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Brier Dudley offers a critical look at technology and business issues affecting the Northwest.

January 8, 2008 at 2:49 AM

CES: A new generation of boombox

LAS VEGAS — I did a double take when I passed the booth of Lasonic, an Irwindale, Calif., company that sells stereos and other gadgets manufactured by a sister company in Taiwan.

I had to learn more about the giant boomboxes that dwarfed the iPods docked where the cassette tape used to go. New at the show is the $169.99 i-931 Boom Box, which in addition to docking and charging an iPod also accepts memory cards, in case that’s where you’ve got your funky tunes saved.

IMGA0203.JPG

The Nikes and iPod aren’t included.

I wonder if we’re moving out of the headphone phase and into another amplified music era, just like the rise of boomboxes after the Walkman.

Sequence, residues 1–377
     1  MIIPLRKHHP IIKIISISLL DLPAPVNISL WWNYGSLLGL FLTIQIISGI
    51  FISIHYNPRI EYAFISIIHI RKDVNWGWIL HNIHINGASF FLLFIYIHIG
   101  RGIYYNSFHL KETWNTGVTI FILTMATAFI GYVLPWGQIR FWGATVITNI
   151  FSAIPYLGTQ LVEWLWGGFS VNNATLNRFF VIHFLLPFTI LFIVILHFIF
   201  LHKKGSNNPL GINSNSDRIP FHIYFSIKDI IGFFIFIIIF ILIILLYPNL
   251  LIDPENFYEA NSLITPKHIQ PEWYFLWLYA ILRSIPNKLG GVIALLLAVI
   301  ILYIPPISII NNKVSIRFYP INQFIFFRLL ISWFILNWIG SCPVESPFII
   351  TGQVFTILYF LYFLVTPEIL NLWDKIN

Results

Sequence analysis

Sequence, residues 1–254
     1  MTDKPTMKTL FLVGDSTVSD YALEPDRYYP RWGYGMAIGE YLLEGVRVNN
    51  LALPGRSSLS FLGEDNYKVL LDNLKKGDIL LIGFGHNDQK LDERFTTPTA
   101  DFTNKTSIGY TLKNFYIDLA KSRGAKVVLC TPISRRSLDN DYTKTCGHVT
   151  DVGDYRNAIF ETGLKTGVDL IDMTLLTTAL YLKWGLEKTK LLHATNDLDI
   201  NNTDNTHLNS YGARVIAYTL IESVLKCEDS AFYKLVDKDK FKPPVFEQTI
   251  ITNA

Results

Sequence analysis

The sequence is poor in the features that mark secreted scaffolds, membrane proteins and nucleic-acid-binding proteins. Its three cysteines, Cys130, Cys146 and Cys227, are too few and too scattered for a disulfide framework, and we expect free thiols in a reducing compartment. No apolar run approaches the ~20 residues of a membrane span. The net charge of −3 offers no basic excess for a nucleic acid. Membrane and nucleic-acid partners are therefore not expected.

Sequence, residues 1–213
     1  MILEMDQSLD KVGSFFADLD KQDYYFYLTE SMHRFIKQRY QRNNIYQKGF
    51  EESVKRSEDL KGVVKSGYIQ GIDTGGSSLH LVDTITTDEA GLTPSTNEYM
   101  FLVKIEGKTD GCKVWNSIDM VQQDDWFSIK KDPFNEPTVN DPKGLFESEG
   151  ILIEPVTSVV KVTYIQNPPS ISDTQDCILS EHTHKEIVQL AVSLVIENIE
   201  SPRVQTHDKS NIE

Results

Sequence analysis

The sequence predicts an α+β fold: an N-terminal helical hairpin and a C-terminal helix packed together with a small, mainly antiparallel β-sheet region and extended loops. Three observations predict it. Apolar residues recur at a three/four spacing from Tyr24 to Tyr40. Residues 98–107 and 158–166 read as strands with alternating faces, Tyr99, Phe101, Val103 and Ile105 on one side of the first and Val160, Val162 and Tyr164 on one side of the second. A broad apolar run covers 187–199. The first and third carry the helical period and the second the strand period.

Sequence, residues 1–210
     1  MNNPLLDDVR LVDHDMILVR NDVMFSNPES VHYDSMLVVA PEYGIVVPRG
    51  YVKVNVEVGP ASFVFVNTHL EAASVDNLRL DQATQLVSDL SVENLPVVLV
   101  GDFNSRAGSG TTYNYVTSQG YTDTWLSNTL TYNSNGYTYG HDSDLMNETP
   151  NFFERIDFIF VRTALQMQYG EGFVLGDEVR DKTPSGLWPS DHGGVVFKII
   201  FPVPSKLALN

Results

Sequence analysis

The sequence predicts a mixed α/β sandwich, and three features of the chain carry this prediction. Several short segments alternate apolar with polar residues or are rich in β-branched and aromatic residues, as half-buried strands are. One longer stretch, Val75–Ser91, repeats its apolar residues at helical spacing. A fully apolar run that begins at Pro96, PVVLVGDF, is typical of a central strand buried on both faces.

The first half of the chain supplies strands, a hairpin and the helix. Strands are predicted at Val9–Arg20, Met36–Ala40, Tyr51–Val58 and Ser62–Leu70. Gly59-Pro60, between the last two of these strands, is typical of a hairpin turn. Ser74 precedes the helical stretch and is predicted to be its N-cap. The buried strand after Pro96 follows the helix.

Check out Samsung’s interpretation of the BFR, circa 2008.

Samsung calls the $499 system going on sale in the second half of 2008 the “Media Center.”

Don’t be fooled by the name — it’s not running Windows. But it does have a 4.3-inch touchscreen DVD player that uses gestural inputs, such as skipping ahead with the flick of a finger. It also has an 80 gigabyte hard-drive, Bluetooth and a 16x CD ripper.

Samsung Media Center boombox

Its technical product name is the Samsung RTS-A1100.

Euro design types may prefer to tote the B&W Zeppelin when they go breakdancing outside the downtown Seattle library. The $599, 100-watter won a design award at the show.

B&W Zeppelin

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